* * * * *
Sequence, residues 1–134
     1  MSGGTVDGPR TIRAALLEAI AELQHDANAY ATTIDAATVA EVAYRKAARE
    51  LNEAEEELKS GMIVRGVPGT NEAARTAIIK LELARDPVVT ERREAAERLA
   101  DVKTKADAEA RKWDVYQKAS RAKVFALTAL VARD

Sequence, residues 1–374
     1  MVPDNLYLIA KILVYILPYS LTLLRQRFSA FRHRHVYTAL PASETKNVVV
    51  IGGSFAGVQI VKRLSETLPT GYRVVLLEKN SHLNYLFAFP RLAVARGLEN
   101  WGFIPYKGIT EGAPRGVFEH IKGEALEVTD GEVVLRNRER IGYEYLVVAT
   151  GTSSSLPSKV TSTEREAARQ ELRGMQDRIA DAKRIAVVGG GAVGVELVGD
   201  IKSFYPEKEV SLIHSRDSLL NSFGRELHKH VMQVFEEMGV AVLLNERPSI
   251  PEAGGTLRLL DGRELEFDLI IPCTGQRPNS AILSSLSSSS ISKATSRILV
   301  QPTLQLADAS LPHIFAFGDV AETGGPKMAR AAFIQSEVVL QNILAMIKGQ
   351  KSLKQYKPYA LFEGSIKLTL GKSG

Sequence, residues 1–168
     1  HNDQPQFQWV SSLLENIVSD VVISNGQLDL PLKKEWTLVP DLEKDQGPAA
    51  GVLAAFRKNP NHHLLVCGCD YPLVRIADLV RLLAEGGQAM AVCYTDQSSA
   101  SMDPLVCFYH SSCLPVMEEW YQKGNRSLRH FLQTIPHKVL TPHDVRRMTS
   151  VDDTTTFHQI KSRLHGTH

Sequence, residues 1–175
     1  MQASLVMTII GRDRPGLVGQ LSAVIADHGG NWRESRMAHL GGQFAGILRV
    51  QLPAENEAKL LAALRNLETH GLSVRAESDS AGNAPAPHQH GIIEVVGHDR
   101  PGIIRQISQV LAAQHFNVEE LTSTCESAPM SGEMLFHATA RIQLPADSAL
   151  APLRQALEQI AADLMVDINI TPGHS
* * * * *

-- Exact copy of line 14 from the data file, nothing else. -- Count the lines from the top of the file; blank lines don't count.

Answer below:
Sequence, residues 1–168